But the biggest problem why Spectre rides down the middle is because of the story. We aren’t dealing with a brilliant storyline this time. It wasn’t great since it felt disjointed and unfocused whenever it cuts to Andrew Scott’s Max “C” Denbigh, who wants to move past the bygone age of using agents and use more surveillance over at MI6, that subplot just doesn’t have anything interesting to provide when it comes across as unimportant when it doesn’t involve Bond. And it’s more or less about the SPECTRE element that didn’t work for me either. This was the first time the mention of the criminal organization since 1971’s Diamonds Are Forever. There’s no issue with how those films deal with Bond’s personal life, but it’s feels forced when SPECTRE has to be connected with him was almost head stretching. Also, it has a third act climax that was certainly underwhelming, where it led breadcrumbs to the end didn’t keep me interested. And it’s 8-minutes longer than Skyfall, and the pacing doesn’t always work fully.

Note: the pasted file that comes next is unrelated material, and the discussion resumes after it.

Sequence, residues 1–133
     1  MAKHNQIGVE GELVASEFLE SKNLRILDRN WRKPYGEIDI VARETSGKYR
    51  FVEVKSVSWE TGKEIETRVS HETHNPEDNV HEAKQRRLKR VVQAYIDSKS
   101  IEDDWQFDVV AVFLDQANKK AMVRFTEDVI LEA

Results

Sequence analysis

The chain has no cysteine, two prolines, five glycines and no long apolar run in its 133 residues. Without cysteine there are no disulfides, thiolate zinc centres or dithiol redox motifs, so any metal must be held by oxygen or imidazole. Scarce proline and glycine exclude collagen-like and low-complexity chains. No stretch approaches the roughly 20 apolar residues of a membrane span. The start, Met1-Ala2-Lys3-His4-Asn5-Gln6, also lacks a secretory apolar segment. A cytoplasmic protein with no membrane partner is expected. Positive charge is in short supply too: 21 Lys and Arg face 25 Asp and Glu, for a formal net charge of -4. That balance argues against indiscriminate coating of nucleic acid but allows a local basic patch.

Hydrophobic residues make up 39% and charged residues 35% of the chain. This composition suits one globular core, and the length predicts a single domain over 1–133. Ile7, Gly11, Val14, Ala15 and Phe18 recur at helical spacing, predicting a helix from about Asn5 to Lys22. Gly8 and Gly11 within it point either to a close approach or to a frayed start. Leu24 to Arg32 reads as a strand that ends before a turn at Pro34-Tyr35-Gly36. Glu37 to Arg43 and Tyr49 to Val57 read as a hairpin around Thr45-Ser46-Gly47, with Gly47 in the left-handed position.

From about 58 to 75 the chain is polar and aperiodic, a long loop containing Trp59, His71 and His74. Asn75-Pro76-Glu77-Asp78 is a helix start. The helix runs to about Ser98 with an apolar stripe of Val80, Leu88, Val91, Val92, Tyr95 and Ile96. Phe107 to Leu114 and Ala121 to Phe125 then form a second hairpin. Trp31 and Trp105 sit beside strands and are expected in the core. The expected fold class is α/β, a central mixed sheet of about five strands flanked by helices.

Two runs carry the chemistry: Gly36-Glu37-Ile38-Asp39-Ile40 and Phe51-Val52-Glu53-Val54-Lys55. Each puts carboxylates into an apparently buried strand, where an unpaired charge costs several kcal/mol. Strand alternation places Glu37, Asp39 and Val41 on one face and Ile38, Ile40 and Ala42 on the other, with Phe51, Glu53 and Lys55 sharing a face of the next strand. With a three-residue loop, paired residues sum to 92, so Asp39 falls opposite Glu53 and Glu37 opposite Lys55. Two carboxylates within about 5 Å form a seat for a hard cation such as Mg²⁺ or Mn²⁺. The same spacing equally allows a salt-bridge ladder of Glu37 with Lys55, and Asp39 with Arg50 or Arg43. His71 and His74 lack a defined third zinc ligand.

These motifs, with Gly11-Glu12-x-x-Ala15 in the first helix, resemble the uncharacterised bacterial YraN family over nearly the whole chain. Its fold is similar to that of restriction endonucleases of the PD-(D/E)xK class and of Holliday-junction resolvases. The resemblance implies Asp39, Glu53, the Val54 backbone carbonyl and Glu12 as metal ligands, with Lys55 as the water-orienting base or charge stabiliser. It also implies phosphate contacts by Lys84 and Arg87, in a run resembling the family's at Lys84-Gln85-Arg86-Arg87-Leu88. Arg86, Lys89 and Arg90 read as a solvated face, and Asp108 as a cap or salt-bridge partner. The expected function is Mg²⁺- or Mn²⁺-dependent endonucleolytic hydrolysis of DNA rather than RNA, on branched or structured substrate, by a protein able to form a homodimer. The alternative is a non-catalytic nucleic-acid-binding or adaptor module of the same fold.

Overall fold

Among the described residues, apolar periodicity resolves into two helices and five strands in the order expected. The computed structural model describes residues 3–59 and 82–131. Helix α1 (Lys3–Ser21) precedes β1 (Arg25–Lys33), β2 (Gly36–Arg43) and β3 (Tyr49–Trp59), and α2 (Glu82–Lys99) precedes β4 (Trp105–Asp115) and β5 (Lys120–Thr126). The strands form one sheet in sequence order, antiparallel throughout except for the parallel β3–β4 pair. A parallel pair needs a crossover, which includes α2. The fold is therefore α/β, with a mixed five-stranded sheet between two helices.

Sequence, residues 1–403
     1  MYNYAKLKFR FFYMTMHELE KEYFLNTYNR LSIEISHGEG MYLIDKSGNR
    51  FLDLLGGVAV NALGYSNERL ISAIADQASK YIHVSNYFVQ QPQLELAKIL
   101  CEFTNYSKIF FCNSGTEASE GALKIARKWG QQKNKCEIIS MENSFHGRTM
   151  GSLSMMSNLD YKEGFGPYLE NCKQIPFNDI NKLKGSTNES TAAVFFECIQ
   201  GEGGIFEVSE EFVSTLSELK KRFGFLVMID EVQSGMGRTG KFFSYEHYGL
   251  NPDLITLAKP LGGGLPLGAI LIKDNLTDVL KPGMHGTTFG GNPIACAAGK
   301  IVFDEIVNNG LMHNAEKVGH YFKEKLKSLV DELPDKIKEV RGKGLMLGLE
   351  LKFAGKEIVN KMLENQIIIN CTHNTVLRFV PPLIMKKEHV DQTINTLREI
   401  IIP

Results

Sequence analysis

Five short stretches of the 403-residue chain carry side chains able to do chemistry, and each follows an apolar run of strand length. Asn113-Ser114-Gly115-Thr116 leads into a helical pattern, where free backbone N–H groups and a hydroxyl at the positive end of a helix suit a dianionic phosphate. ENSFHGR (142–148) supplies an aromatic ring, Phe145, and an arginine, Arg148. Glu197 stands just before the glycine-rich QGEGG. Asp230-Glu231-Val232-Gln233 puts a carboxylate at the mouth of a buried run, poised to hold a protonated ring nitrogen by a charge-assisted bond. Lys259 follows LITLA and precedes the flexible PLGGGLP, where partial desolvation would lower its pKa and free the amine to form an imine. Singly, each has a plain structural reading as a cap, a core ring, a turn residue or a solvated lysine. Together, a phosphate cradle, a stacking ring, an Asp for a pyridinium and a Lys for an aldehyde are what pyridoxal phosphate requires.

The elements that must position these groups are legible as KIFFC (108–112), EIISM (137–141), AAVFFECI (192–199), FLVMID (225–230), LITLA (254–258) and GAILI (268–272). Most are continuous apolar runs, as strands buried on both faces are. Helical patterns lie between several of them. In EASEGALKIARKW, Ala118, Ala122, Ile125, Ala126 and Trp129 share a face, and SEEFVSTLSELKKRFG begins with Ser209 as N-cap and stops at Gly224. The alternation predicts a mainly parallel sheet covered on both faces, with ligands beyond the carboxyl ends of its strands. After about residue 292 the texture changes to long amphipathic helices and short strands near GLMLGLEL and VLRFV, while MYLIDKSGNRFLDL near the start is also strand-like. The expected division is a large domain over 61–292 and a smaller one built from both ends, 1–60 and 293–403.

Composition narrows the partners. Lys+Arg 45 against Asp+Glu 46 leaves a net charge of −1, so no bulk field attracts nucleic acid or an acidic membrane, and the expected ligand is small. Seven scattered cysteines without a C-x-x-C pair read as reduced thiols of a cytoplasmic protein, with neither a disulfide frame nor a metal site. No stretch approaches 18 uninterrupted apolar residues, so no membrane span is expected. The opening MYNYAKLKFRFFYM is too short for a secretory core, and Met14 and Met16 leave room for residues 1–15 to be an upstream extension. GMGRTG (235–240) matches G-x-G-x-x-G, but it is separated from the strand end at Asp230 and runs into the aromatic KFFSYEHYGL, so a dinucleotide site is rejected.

We’ve seen our fair share of memorable villains James Bond has faced against in his time. So it was pretty interesting to hear Christoph Waltz was going to be the film’s main villain. Unfortunately, I thought Waltz as “Franz Oberhauser” was wasteful who didn’t get to do that much to become menacing. His first scene with a shadowy appearance seemed promising, but then he doesn’t show up again until the 100-minute mark. Also, it was self-evident who he was really playing if you’re a true Bond fan or just from the title alone. It happens to be Ernst Stavro Blofeld. I felt Waltz was getting typecast in villainous roles, but they never won me over after his Oscar-winning role as Col. Hans Landa.
Bond Theme Corner: